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Title: Human-Guided Modality Informativeness for Affective States
This paper studies the hypothesis that not all modalities are always needed to predict affective states. We explore this hypothesis in the context of recognizing three affective states that have shown a relation to a future onset of depression: positive, aggressive, and dysphoric. In particular, we investigate three important modali- ties for face-to-face conversations: vision, language, and acoustic modality. We first perform a human study to better understand which subset of modalities people find informative, when recog- nizing three affective states. As a second contribution, we explore how these human annotations can guide automatic affect recog- nition systems to be more interpretable while not degrading their predictive performance. Our studies show that humans can reliably annotate modality informativeness. Further, we observe that guided models significantly improve interpretability, i.e., they attend to modalities similarly to how humans rate the modality informative- ness, while at the same time showing a slight increase in predictive performance.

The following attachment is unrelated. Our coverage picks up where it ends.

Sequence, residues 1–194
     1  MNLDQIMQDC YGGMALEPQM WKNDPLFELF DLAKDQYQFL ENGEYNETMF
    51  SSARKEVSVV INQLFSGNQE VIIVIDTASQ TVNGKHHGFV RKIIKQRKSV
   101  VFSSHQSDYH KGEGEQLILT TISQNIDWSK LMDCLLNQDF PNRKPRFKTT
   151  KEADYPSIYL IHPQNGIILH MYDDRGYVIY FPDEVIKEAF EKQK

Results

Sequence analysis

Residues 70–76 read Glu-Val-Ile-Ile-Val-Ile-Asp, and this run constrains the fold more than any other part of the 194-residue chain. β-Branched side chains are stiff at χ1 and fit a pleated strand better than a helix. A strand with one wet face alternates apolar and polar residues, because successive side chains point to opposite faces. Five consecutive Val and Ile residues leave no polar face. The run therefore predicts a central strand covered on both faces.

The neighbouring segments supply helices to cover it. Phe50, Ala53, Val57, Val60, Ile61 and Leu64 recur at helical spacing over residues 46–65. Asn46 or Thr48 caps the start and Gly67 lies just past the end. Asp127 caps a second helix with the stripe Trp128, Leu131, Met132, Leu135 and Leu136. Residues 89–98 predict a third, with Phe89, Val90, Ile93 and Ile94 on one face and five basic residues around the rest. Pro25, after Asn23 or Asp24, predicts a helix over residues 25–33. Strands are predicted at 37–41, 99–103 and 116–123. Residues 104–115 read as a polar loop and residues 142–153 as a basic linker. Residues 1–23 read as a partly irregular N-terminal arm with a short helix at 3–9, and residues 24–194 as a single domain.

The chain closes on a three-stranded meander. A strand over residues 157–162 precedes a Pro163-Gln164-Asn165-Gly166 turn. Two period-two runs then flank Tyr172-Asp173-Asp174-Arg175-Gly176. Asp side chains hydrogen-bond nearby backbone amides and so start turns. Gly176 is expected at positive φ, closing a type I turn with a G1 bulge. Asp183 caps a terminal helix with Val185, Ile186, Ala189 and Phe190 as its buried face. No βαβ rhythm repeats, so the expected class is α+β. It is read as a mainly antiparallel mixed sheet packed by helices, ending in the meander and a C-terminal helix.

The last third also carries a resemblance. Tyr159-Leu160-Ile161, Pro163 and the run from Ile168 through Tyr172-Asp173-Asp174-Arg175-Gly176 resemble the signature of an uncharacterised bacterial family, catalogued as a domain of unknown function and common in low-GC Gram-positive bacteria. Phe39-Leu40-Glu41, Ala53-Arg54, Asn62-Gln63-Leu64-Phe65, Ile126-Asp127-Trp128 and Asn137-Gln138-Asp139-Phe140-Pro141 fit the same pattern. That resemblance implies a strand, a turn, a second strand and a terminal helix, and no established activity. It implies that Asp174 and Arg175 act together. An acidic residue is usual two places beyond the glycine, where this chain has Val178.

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ACM International Conference on Multimodal Interaction
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728 to 734
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National Science Foundation
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